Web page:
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hextiles-prototype (0.0.4-dev)

Screenshot: (Master branch) trying a new terrain layout design with connected hexagonal cells and ramps


Alternative Screenshot: (detached-hextiles branch) checkout the detached-hextiles for the original implementation


You will need to pre-install the three.js library (r60 or better) and symlink it into the public folder so that the demo can find the files that it needs (see index.html).

  • this is a single-player demo
  • developer preview: it's a place for me to play with new ideas

Use WASD or cursor keys to move around

Collisions are not implemented.. you can run on the water

  • Best performance on Chrome (solid 60FPS)
  • Firefox peformance is poor (only ~20FPS)
  • Safari is un-tested
  • May or may not work on iPads (i haven't tried it)
  • Probably won't work on other mobile devices (requires a WebGL renderer)
  • just use Chrome/Chromium

Getting started..

  • get node.js
  • npm install hextiles-prototype
  • cd hextiles-prototype
  • type npm install to download dependency modules, you only need to do this once
  • type npm start to start the server running
  • visit http://localhost:8000 in your browser to start the demo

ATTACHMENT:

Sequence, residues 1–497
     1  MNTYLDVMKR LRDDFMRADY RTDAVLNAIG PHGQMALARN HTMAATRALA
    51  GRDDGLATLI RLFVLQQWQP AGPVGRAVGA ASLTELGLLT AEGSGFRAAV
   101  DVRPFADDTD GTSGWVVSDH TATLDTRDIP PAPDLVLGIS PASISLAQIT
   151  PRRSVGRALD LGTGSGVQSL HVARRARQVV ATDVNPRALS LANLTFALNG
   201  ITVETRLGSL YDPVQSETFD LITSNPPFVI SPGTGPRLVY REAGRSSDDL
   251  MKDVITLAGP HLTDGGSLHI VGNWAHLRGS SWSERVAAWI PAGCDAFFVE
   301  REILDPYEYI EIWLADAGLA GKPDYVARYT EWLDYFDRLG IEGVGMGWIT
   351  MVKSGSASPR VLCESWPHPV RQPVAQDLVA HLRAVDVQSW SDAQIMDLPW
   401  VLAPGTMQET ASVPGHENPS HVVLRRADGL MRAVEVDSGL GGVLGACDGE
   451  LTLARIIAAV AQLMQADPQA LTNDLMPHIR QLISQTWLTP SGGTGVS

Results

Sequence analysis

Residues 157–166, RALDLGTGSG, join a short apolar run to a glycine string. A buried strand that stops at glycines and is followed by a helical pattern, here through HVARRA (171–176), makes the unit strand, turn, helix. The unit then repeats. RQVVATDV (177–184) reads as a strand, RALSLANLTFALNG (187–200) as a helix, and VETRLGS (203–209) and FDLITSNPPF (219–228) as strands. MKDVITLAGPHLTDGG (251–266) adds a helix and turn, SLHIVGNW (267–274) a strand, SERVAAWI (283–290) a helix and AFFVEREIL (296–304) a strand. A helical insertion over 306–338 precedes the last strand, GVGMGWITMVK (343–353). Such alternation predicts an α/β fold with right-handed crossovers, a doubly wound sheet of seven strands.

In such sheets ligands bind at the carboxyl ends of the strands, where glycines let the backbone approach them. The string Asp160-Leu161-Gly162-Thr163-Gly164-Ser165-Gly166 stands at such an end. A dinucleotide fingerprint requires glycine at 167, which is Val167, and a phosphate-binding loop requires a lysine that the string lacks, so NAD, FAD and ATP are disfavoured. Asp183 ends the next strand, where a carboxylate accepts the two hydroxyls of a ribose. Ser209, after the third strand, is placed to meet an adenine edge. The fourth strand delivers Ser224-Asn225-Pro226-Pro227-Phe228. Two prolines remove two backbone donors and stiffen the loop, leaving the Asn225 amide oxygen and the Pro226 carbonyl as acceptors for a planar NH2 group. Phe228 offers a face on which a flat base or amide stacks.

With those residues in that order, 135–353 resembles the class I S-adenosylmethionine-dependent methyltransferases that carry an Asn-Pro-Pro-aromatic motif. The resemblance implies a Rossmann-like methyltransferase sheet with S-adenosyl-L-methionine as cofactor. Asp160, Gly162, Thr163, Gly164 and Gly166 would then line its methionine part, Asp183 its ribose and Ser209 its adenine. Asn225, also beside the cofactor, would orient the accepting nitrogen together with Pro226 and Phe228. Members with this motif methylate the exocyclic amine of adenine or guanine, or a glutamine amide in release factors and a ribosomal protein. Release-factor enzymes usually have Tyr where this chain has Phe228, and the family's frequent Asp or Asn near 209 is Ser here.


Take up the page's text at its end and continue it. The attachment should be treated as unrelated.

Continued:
What is good about this demo..

  • the tile generation code uses simplex-noise, and a single blur pass, which is fast and produces varied and tileable heightmaps
  • the tile data is streamed as a buffer onto the client
  • javascript everywhere (the code is not too hard to understand)
  • three.js is a great 3D scene rendering library
  • all hextile geometries are VBO (Vertex Buffer Objects), they run directly on the GPU
  • the lighting looks great (its Phong shaded, but without the specular highlights)
  • camera follows the player (also camera position is smoothed as player turns)
  • the 4 major compass points assist/force the player into alignment when they are within 5 degrees either side of N, S, W or E. (it came to me at the end of a 20-hour hacking session, only took a few minutes to implement & i didn't plan it at all, just coded it, ran a test and it worked really well)
  • and finally, this may inspire others to create something fun.. come on! :)

What could be improved..

  • the terrain could be "smoothed out" or made more interesting by adding vertex-shader and fragment-shader code. (the hexagonal grid is really just the skeletal component of the landscape, it can be enhanced and look much more realistic with some development)
  • code could be a lot cleaner, ~550 LoC in the client.js file (this could probably be reduced to <300 LoC with some re-factoring)
  • sound/audio, there isn't any!

MIT License included where applicable.